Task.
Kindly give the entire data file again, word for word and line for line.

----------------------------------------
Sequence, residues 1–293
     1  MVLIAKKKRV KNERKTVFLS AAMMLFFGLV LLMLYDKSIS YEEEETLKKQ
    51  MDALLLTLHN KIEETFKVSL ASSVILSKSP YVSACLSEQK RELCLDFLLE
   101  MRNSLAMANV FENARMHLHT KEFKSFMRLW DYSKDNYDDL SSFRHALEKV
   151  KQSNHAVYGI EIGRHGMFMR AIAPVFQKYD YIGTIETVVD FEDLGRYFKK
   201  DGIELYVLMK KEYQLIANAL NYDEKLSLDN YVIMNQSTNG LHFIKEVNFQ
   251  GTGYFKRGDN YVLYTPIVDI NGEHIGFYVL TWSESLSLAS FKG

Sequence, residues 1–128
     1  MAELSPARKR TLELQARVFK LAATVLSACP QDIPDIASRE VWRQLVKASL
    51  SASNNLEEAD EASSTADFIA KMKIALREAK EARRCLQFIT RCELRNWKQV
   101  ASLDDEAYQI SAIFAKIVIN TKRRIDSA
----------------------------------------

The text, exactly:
Sequence, residues 1–293
     1  MVLIAKKKRV KNERKTVFLS AAMMLFFGLV LLMLYDKSIS YEEEETLKKQ
    51  MDALLLTLHN KIEETFKVSL ASSVILSKSP YVSACLSEQK RELCLDFLLE
   101  MRNSLAMANV FENARMHLHT KEFKSFMRLW DYSKDNYDDL SSFRHALEKV
   151  KQSNHAVYGI EIGRHGMFMR AIAPVFQKYD YIGTIETVVD FEDLGRYFKK
   201  DGIELYVLMK KEYQLIANAL NYDEKLSLDN YVIMNQSTNG LHFIKEVNFQ
   251  GTGYFKRGDN YVLYTPIVDI NGEHIGFYVL TWSESLSLAS FKG

Sequence, residues 1–128
     1  MAELSPARKR TLELQARVFK LAATVLSACP QDIPDIASRE VWRQLVKASL
    51  SASNNLEEAD EASSTADFIA KMKIALREAK EARRCLQFIT RCELRNWKQV
   101  ASLDDEAYQI SAIFAKIVIN TKRRIDSA